As Bernard gets sets to finish up his first season as the WNEC head coach, he was asked what it meant to him. “It’s been an absolute pleasure as a result of the support from the Athletic Department. The environment has been a real blessing. I told the team we’d have to create an identity, and that it would be challenged, in an effort to get better. This has been a learning process for me. Again, it’s been a pleasure because of the institution.” Bernard also hopes that this year is the first of many, but also knows that changes can occur as time passes.
Suffolk Players Getting Assists Off The Ice
One thing that Suffolk University coach Chris Glionna stresses from his players is to be involved with community service, and with the efforts of Assistant Coach Greg Fowke, they think they’ve come up with a great program.
Fowke, who is a Physical Education teacher at the Farragut Elementary School in Roxbury, MA, knew that there was a need for some of his students to have some positive male role models in their lives. “Chris and I are always looking to get the players involved with the ‘bigger picture’ in hockey or in life. Some of the kids in the school, when it comes to having a role model, they really don’t have it in their life. Our players are just as excited about this as the kids.”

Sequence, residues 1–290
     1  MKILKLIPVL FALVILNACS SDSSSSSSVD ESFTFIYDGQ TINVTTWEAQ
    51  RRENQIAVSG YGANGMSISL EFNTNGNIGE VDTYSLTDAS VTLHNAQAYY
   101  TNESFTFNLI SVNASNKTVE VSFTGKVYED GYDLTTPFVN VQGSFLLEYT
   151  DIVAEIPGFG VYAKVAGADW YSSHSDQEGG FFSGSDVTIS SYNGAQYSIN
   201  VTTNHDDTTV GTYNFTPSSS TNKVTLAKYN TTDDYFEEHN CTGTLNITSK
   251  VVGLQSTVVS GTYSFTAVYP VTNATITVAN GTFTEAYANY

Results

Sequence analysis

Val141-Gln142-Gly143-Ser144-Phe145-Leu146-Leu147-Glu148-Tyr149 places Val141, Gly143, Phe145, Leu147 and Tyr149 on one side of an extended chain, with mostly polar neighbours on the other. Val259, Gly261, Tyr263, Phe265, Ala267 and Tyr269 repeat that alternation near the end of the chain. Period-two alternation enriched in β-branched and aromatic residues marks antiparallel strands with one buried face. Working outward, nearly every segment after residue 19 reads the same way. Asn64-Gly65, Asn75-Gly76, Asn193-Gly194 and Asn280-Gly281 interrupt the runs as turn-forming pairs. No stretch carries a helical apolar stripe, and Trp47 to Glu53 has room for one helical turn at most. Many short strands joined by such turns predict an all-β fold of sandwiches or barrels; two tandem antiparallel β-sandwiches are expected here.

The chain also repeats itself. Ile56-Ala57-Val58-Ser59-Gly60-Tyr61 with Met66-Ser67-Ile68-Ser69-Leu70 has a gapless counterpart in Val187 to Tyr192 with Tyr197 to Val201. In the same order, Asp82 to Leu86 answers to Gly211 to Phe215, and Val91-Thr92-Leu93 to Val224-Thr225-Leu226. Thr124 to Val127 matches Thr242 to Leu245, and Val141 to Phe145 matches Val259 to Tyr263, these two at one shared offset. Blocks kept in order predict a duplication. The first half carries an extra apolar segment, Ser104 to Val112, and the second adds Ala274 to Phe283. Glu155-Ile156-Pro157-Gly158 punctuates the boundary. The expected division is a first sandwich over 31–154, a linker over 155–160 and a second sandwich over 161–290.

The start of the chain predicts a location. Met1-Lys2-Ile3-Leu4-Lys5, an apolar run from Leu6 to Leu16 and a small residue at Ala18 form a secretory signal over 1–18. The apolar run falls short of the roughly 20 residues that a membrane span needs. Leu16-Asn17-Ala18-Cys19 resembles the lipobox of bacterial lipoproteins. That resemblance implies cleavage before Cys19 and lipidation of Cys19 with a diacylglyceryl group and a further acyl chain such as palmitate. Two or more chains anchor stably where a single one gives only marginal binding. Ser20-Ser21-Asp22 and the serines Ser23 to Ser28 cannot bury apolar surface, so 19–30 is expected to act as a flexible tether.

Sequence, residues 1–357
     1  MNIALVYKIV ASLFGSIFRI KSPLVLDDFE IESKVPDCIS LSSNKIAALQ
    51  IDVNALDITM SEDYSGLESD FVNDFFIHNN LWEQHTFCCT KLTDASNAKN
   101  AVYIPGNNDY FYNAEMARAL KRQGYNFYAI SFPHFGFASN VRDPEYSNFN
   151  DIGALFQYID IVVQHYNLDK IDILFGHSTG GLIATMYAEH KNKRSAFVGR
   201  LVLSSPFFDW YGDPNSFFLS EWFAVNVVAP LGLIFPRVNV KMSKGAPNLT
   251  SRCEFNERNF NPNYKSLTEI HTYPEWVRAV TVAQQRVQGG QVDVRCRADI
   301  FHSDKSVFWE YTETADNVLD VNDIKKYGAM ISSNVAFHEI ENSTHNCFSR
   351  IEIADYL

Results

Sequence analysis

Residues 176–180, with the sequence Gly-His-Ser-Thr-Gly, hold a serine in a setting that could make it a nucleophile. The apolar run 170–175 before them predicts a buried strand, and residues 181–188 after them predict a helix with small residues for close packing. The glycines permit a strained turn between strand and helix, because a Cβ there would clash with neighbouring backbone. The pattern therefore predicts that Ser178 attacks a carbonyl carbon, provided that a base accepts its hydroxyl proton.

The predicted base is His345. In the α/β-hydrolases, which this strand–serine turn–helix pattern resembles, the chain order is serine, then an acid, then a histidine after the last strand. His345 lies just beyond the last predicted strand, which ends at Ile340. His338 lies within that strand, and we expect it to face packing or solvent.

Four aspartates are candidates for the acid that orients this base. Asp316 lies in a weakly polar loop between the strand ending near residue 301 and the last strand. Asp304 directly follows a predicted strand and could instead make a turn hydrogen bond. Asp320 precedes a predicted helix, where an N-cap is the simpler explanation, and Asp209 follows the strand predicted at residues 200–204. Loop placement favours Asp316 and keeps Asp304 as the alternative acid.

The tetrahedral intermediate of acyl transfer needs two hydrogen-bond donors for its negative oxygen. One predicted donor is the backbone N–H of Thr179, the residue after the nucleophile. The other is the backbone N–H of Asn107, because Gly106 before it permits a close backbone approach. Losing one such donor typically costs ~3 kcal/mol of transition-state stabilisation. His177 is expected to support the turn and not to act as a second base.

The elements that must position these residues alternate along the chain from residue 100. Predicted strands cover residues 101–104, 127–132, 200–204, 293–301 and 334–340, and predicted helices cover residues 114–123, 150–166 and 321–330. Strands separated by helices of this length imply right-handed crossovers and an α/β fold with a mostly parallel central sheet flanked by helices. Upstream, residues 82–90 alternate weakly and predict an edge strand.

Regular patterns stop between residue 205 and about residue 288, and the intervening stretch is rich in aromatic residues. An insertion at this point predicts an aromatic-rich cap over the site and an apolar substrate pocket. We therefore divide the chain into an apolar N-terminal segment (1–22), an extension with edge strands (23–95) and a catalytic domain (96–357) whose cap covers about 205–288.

As Glionna explained, “A couple of days a week, two of the guys go over and help him [Fowke] with different sports. It started out with hockey and now it’s branched into different sports. Each player is assigned to a specific grade, so the kids get to know our players.”
This pogram is still in its’ infancy, as it just began after the second semester at Suffolk started. Fowke worked with the principal at the Farragut School, Rosemary Harmon, to get the program started. “What we have here is an urban school, so you have a mixed bag, with different cultures, backgrounds, and economics. Our players see a different side of things. Some want to teach, some want to get into coaching, some want to go on to law school. It’s been fun for the players, and for the kids.”